When pondering the vast sums of the Powerball lottery and weighing that against the noise being raised over the fiscal cliff and other social ills, I can't help but to feel frustration over the glaring exposure of out greed and the absence of the most basic altruism even if taken to it's most pragmatic level.
If one considers that the current Powerball jackpot is half a billion dollars, accumulated over sixteen drawings it staggers the mind. If the same earnestness it takes to purchase a $2 lottery ticket by 150 million people over a four month period was applied to our budgetary concerns regarding entitlements that guarantee the existence or even (dare I say it) the expansion of our society's safety nets, we wouldn't be facing the political reality of cliffs, cuts or even the current acidic political juxtapositioning.
If it's taken at a deeper level, it's easy to see how the threats of higher taxes is really a red herring. It doesn't take all that much revenue spread out over the entire populace to generate the funds to keep these programs solvent. The fact is that it's a smokescreen to raise taxes beyond the level required to ensure solvency for these programs.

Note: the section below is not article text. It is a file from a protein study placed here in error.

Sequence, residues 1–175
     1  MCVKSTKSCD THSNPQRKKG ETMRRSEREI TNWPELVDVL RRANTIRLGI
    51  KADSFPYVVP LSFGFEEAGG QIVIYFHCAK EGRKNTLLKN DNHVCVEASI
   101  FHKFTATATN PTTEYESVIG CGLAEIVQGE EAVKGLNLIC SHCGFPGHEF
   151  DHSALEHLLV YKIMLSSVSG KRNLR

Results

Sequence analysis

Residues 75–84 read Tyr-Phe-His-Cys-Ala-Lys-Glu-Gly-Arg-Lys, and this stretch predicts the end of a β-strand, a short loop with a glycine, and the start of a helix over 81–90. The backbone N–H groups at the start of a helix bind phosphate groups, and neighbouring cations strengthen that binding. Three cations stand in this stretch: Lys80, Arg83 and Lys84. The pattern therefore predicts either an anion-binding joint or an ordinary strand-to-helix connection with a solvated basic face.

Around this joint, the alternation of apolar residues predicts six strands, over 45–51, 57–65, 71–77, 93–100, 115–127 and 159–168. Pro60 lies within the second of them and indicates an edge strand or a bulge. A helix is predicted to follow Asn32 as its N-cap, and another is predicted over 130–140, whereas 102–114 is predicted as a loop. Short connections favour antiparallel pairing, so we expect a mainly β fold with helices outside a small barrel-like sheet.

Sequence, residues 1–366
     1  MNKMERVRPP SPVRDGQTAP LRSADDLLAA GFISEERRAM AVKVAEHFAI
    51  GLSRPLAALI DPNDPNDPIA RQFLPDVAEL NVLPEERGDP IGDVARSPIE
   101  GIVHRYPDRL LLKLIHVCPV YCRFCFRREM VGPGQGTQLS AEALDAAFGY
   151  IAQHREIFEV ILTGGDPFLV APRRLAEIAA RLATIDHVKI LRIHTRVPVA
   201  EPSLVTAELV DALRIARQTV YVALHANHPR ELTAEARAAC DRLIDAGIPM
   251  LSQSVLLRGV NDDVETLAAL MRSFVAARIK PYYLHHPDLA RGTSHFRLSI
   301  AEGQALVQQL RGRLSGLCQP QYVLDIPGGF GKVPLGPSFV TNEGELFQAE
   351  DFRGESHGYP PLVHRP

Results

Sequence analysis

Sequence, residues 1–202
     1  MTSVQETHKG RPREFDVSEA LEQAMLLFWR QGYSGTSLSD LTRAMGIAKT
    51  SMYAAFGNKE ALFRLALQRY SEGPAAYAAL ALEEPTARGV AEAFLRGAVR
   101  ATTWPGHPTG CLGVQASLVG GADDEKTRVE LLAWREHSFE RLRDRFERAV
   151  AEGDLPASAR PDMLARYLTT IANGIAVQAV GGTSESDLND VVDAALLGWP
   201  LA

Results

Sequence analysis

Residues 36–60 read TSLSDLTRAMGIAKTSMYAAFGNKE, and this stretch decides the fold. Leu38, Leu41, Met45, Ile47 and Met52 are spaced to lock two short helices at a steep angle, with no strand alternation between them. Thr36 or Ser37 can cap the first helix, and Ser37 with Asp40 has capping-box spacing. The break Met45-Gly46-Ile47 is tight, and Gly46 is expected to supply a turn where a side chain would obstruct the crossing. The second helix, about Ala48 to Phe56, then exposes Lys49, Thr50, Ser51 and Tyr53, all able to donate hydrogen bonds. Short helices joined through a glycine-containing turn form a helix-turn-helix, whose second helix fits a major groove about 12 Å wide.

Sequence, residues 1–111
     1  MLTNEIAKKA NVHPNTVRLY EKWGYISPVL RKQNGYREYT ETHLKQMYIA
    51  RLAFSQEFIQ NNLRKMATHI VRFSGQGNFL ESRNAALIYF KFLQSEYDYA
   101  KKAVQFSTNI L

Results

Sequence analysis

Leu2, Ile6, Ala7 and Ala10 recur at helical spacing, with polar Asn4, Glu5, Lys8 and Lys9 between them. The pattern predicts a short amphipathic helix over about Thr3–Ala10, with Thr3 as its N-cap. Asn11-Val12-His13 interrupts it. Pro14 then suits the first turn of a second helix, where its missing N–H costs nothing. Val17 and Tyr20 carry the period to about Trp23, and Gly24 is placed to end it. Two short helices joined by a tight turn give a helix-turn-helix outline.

The government is counting on us to be unable to see how the numbers truly work. The taxes they say will go toward fixing this program will most certainly go elsewhere. That's why all the noise is being raised, to confuse, to obfuscate and to separate us from our money and our intellect.
If there was a lottery where the proceeds went towards fixing safety nets and that offered a cash payout to winners, we could use our own greed and self-serving natures to fix our own problems without raising a single tax. It's actually kind of sad but I think it could work...so long as the government (supposedly us) isn't involved.
If there was a jackpot that was called the social security powerball where people bought a two or three dollar ticket and the winnings were perhaps less but still large and the proceeds went towards fixing social programs we could fix our entitlements in just a few years. All it would take would be to rely on our true natures and our desire to own more money than anyone needs and all would be well.
S. E, Brink
Submitted by Virtual Newsroom